U is for Updike

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I have never read a book that grated on me like The Widows of Eastwick did. We got off to a bad start because I thought that the Widows of  Eastwick was the book name for the film. When I began reading it, though, I realised it was the sequel. Boy, did I know it was the sequel – constant references to the first book and how depraved it was and how they killed poor little whatshername were irritating beyond belief.
The main story revolves around the three witches of Eastwick, thirty years older and now appropriately all widows.
Alexandra is the middle in age, a large hippy living in Mexico. She’s scraping through after her husband died, leaving with next to nothing.
Jane is the oldest and richest, living with her ancient mother in law after the death of her husband. Materially cared for, but not emotionally.
Sukie is the youngest and possibly least irritating. She’s moderately rich and moderately emotionally balanced.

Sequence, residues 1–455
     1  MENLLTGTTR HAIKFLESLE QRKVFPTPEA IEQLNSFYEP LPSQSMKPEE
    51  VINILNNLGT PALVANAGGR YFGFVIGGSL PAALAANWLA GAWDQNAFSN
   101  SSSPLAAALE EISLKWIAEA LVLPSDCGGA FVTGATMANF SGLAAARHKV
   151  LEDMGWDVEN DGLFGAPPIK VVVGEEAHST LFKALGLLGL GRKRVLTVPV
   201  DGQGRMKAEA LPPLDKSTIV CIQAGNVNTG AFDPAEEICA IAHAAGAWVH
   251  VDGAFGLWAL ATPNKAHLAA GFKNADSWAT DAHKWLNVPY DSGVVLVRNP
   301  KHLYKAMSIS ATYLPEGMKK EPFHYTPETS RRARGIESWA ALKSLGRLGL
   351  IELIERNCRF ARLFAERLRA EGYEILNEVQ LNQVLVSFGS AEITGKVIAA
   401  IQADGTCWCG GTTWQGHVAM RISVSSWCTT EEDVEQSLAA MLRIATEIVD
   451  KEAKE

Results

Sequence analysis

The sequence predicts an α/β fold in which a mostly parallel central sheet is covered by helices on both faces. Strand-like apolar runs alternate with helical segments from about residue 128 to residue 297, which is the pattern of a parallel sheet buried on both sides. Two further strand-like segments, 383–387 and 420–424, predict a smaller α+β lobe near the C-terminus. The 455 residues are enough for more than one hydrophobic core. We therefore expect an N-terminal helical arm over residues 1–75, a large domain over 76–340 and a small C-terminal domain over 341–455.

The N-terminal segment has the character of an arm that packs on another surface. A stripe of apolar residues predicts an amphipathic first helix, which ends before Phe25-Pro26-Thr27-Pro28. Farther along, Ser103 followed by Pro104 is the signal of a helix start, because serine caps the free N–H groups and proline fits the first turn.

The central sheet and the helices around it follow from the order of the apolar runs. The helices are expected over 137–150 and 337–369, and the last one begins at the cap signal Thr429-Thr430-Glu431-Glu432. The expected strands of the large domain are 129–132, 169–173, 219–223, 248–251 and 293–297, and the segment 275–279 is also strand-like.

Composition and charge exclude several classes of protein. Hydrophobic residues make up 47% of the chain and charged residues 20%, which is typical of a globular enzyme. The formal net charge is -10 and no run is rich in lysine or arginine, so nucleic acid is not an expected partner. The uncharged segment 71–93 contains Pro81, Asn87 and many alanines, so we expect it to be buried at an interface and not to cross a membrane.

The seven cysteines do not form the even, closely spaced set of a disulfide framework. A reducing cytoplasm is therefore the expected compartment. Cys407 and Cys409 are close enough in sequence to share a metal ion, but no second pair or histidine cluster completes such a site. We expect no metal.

After ignoring each other for decades, they decide that now they’re alone, they’ll visit a few countries together. This is the cue for cringeworthy, racist speech where the ‘small Asian couple’ lose their ‘L’s completely and the Egyptians are all filthy men with no teeth and Arab headgear. As if that wasn’t quite enough, a man unfortunate enough to be mistaken for a suitor for Alexandra is internally derided as ‘faggy’ as soon as he mentions his dead partner.
It’s got a horrible tone to it, a seething mass of bitterness and hatred for everything. I think the worst thing for me was that it pretends to be a feminist novel, but it’s written by a man and has far too many lesbian-ish scenes for it to be anywhere near true feminism. I’m not exactly the world’s biggest feminist (if we’re that equal, why are we shouting about it?) but I object to a ‘feminist’ novel which includes a scene with a magic circle and ‘sky clad’ women, just so he can write about flesh and wrinkles.
It was tiresome, repetitive and boring. All the women were old, widows, elderly, alone…. The townspeople of Eastwick were suspicious, wary… In three hundred pages, about two things happen which are actually of any interest, and even these are buried under pages of dead prose which can be easily skimmed with no detriment to the plot.
Before reading this, I was interested in reading the Witches of Eastwick. After this though, I don’t want to read another Updike novel, and would strongly advise against anyone else reading one.
Next book – Slaughterhouse 5
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